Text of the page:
Alicia Nails named 2018 NABJ Journalism Educator of the Year
WASHINGTON, D.C. (July 13, 2018) -- Alicia Nails has been named the 2018 National Association of Black Journalists (NABJ) Educator of the Year. She directs the Journalism Institute for Media Diversity at Wayne State University in Detroit and serves as an academic adviser and mentor for the program’s honor students and grads. She also teaches a Reporting on Race, Gender and Culture class.
“I’m honored to be recognized by the professional organization that has supported my career from the beginning with priceless experiences, exposures, and friendships,” Nails said. “Most importantly, this is a testament to the value of the amazing students and alums of Wayne State’s journalism program.”
An Emmy Award-winning journalist, Nails’ work has been featured in the Detroit Free Press, the Detroit News, the Michigan Chronicle, and BLAC magazine, a lifestyle magazine for Black Detroiters. She serves on the BLAC advisory board and is the recording secretary for NABJ’s Detroit chapter.
Nails’ background also includes writing and producing at WXIA-TV in Atlanta, Detroit stations WTVS-TV and WJBK-TV, and at WCBS-TV and Essence Communications, both in New York City. She also reported breaking news and features as a writer/producer WWJ Newsradio 950 in Detroit.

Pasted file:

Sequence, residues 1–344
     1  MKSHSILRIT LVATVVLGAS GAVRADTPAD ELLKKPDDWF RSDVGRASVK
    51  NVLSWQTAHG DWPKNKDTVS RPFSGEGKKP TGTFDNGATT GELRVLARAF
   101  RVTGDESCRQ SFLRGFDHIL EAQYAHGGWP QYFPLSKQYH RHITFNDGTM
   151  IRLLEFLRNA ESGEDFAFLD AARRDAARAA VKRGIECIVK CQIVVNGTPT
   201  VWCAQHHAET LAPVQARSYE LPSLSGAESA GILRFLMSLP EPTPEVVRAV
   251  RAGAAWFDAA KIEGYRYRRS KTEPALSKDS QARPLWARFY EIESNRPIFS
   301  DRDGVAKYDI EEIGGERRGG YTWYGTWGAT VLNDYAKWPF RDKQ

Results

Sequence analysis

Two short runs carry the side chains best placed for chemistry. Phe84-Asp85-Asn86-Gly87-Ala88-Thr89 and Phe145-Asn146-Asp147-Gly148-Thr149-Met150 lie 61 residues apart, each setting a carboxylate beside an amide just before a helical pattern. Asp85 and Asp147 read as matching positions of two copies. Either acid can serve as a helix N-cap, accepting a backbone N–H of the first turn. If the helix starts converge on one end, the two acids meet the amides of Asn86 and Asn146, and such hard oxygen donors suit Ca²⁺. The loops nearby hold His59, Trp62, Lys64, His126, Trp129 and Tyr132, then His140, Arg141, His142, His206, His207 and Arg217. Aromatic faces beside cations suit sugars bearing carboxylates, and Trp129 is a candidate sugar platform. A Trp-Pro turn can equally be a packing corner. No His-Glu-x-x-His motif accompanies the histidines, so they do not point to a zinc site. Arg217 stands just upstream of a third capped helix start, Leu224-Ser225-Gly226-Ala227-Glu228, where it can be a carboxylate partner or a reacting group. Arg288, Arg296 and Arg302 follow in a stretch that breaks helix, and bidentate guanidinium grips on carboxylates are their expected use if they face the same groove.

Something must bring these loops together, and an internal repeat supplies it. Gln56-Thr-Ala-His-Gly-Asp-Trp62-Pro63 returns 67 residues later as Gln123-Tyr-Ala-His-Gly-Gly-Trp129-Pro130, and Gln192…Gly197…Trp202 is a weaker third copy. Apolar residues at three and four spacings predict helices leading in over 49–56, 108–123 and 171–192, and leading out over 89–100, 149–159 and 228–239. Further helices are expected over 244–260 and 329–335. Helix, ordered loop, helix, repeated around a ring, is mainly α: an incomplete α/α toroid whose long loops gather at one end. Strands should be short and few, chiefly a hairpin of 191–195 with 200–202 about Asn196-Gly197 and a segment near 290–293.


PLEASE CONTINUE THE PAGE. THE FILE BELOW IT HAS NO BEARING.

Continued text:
“Dedication, a consummate professional, very passionate about training young people. She’s amazing,” said Vickie Thomas, NABJ’s Region II director and city beat reporter for WWJ Newsradio 950, about Nails. “Alicia has trained quite a few journalists who have gone on to do great things not only in Detroit but beyond. (They) absolutely love her.”
In addition to college students, Nails is also very committed to recruiting high school students of color, many of whom attend Wayne State on full-tuition scholarships.
“More than a teacher, Alicia is a mentor, problem solver, cheerleader, and friend to her students. In the classroom, she insists upon rigor, and outside of the classroom, she gathers all of the resources at her disposal to see that her most motivated students succeed,” said Desiree Cooper, a Pulitzer Prize-nominated journalist and Detroit community activist and author. “It is hard to discern where her job begins and where it ends -- safeguarding the future of journalism is her life's work.”
Nails will be honored at the NABJ Gospel Brunch during the NABJ Convention and Career Fair on Sunday Aug. 5 at the Detroit Marriott at the Renaissance Center. Convention registration and awards tickets can be purchased here.
About the National Association of Black Journalists: An advocacy group established in 1975 in Washington, D.C., NABJ is the largest organization for journalists of color in the nation and provides career development as well as educational and other support to its members worldwide. For additional information, please visit www.nabj.org.